But Gunda maintained that the stadium is fit for the international fixture as it has a new artificial turf in addition to general renovation works that the government carried out during its two-year closure.
“The stadium is capable of hosting a match of such magnitude. The main concern was the artificial turf which has since been replaced.
“The challenge now is how to manage the crowd when hosting a match of such magnitude with the reduced capacity and not the facility itself. But we are confident that we can pull it off,” Gunda told The Nation.
But all is not lost for Lilongwe soccer lovers as they will witness the final of this year’s Carlsberg Cup at BNS on October 20.
Fam Competitions and Media Manager, Gomezgani Zakazaka, said the competition’s sponsor is interested in ensuring that the cake is shared equally to all soccer enthusiasts across the country.
“This is why the semifinal between Masters Security and Nyasa Big Bullets will take place at Civo Stadium in Lilongwe so that the entertainment reaches out to as many parts of the country as possible. This was also the trend in the previous tournaments which went as far as Mzuzu,” Zakazaka said.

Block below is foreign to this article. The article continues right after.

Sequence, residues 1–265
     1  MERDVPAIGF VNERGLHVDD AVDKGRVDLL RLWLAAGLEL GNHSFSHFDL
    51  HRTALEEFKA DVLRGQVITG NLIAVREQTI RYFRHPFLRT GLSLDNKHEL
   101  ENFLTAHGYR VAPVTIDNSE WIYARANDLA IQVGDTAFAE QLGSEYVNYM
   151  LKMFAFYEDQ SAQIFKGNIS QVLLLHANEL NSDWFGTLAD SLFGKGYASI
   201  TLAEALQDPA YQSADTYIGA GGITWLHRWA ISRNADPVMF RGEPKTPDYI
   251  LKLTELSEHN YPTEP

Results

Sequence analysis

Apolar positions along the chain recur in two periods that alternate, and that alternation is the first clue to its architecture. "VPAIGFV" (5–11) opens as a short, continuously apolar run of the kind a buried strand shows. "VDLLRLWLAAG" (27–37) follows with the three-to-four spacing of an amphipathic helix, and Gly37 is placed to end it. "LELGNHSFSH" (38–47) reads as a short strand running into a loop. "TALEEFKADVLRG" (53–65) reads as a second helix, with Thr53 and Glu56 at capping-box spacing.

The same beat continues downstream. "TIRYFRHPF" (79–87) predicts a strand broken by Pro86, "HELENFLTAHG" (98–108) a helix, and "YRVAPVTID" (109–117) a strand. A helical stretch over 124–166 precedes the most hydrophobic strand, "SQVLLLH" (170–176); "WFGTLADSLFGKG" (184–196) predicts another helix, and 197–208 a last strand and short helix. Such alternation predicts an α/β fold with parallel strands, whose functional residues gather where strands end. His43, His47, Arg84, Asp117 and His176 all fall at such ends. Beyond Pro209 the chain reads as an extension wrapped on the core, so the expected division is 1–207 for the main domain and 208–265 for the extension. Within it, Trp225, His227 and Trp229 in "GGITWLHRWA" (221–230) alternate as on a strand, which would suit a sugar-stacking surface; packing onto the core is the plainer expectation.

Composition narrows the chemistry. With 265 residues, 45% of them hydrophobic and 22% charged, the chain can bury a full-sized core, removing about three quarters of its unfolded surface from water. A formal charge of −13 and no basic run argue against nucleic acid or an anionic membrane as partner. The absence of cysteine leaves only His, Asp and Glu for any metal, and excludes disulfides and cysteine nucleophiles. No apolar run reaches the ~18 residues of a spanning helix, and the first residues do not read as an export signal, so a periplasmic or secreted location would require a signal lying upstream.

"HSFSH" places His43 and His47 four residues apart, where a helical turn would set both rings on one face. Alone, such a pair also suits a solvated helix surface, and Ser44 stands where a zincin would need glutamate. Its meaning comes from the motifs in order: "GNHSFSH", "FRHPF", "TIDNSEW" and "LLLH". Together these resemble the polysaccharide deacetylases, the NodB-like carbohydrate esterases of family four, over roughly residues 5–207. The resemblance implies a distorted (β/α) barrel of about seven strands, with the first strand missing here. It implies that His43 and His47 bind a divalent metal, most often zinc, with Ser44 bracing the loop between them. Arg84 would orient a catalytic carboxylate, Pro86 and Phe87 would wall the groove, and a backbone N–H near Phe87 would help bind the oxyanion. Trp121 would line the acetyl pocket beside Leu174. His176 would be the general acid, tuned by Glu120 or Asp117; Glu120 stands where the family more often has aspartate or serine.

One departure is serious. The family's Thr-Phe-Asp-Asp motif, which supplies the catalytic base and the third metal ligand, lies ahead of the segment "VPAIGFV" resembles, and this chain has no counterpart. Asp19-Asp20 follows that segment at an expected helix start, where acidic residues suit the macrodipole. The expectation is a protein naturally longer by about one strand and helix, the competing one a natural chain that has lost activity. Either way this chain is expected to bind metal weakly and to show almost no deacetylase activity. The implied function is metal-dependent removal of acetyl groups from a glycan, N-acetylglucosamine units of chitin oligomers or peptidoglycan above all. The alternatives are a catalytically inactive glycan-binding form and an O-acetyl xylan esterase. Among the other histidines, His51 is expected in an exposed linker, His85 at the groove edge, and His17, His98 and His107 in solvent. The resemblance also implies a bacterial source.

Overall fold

Soccer analyst Madalitso Phiri described Fam’s decision to host the Cameroon match at Kamuzu Stadium as a gamble because Fifa has not yet certified the facility fit for hosting international games.
Phiri said in an ideal situation, the match should have been played at BNS as the venue is centrally-located for people from different parts of the country.
“Here is a stadium that cost billions to construct and we want to sideline it. Will it not become a white elephant? Was it not built to host such big games? So if we are taking such big games to Blantyre, which matches will BNS be hosting as our national stadfium?” Phiri querried.
But he said on the other hand, Fam may have opted to take the match to Blantyre because of the Flames’ poor performance at BNS which has also resulted into low patronage.
Phiri also questioned Fam’s capability of handling the match at a stadium with limited capacity, saying controlling the number of people entering the stadium for the match could be difficult.
“With capacity at less than 15,000, Fam will have to be very strict with entry into the stadium. Otherwise I foresee a situation where there will be too many spectators wanting to patronise the match against the reduced capacity.
“Soccer lovers in Blantyre have missed the Flames for more than two years and they are likely to attend the match in large numbers. So Fam must tread carefully on this matter,” he said.
Stakeholders must indeed find ways and means of ensuring that the multi-billion kwacha BNS is put to good use, otherwise it will not benefit Malawians if it remains idle.
The government and Fam should also make deliberate efforts aimed at ensuring that big games are hosted by all the three regions of the country for the cake to be shared equally.
International and Blantyre derby games can be played in the country’s major cities on a rotational basis as a way of enhancing national unity and a sense of ownership in the game.
No single city or region should lose out from hosting such big games.